One of the most celebrated filmmakers of all time, Francois Truffaut was an intensely private individual who cultivated the public image of a man completely consumed by his craft. But his personal story—from which he drew extensively to create the characters and plots of his films—is itself an extraordinary human drama. Now, with captivating immediacy, Antoine de Baecque and Serge Toubiana give us the definitive story of this beloved artist.
They begin with the unwanted, mischievous child who learned to love movies and books as an escape from sadness and confusion: as a boy, Francois came to identify with screen characters and to worship actresses. Following his early adult years as a journalist, during which he gained fame as France's most iconoclastic film critic, the obsessive prodigy began to make films of his own, and before he was thirty, notched the two masterpieces The 400 Blows and Jules and Jim. As Truffaut's dazzling body of work evolves, in the shadow of the politics of his day, including the student uprisings of 1968, we watch him learning the lessons of his masters Fellini and Hitchcock. And we witness the progress of his often tempestuous personal relationships, including his violent falling-out with Jean-Luc Godard (who owed Truffaut the idea for Breathless) and his rapturous love affairs with the many glamorous actresses he directed, among them Jacqueline Bisset and Jeanne Moreau. With Fanny Ardant, Truffaut had a child only thirteen months before dying of a brain tumor at the age of fifty-two.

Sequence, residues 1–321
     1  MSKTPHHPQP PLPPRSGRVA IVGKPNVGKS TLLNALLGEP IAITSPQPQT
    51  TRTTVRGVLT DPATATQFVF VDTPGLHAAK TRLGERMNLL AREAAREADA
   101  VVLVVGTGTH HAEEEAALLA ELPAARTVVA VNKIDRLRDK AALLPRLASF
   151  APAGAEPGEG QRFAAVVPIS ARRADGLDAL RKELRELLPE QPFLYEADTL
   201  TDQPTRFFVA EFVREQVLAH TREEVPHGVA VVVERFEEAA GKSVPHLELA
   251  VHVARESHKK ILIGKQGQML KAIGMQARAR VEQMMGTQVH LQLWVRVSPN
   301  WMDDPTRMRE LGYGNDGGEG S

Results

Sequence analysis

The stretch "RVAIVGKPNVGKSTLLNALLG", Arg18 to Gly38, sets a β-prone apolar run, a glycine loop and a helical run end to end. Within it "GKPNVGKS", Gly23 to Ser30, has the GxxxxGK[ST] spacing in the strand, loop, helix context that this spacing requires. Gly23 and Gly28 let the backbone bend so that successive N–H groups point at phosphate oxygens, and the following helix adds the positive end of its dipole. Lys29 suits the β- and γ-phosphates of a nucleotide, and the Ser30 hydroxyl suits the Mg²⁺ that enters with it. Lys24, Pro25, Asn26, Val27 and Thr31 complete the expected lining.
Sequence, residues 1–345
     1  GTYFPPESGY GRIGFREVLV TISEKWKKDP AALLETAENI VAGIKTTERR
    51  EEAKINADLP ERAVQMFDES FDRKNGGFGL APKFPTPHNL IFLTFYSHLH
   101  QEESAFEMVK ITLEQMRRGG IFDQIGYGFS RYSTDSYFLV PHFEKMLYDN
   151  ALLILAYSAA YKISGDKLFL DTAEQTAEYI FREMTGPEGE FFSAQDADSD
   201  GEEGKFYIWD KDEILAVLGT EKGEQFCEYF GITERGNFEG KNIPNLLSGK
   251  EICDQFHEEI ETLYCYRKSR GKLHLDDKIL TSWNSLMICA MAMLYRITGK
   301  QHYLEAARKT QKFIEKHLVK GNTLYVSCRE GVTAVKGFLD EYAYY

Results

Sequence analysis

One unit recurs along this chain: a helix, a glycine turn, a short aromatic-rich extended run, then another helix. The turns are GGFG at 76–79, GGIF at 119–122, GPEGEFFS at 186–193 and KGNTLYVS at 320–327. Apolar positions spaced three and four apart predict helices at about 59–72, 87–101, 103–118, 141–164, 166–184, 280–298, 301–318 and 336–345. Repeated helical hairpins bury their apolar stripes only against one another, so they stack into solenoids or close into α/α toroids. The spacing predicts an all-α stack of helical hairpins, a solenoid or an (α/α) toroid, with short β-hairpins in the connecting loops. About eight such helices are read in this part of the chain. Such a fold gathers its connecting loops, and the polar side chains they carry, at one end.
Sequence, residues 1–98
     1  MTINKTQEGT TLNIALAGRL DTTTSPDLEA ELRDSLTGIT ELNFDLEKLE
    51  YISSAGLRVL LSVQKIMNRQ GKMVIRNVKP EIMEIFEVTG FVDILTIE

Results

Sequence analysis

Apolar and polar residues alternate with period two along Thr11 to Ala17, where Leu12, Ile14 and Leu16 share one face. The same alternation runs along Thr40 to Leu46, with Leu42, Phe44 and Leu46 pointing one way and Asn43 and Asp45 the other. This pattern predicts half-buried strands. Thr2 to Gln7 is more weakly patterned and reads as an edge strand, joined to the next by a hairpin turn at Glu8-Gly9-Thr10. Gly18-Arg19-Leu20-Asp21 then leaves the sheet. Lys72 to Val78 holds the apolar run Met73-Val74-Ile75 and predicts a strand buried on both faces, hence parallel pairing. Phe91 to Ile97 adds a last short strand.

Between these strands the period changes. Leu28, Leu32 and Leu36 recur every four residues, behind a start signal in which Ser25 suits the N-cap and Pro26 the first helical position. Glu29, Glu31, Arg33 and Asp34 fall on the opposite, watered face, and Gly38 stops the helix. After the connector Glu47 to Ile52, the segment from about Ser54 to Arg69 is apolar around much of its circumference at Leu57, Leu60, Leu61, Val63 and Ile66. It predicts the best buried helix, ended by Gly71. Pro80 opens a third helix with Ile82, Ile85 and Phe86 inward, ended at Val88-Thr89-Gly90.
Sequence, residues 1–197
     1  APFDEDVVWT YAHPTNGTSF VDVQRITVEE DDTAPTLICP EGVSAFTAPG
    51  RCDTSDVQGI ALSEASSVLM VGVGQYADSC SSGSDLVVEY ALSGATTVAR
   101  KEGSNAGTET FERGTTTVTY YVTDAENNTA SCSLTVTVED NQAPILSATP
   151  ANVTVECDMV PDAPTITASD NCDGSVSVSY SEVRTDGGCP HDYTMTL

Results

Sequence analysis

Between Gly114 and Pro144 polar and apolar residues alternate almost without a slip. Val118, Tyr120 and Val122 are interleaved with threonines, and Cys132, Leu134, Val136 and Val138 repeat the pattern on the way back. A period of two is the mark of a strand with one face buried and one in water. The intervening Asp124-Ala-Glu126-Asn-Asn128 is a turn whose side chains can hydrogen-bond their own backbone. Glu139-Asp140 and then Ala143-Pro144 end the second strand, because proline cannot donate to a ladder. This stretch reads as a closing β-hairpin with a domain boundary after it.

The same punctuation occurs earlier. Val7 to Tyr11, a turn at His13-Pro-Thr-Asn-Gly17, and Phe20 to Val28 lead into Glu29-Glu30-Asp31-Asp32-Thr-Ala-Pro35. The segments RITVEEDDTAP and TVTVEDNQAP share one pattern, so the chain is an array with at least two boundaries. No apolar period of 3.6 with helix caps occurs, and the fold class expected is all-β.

Here is a life of astonishing emotional range, from the anguish of severe depression to the exaltation of Oscar victory. Based on unprecedented access to Truffaut's papers, including notes toward an unwritten autobiography, de Baecque and Toubiana's richly detailed work is an incomparably authoritative revelation of a singular genius.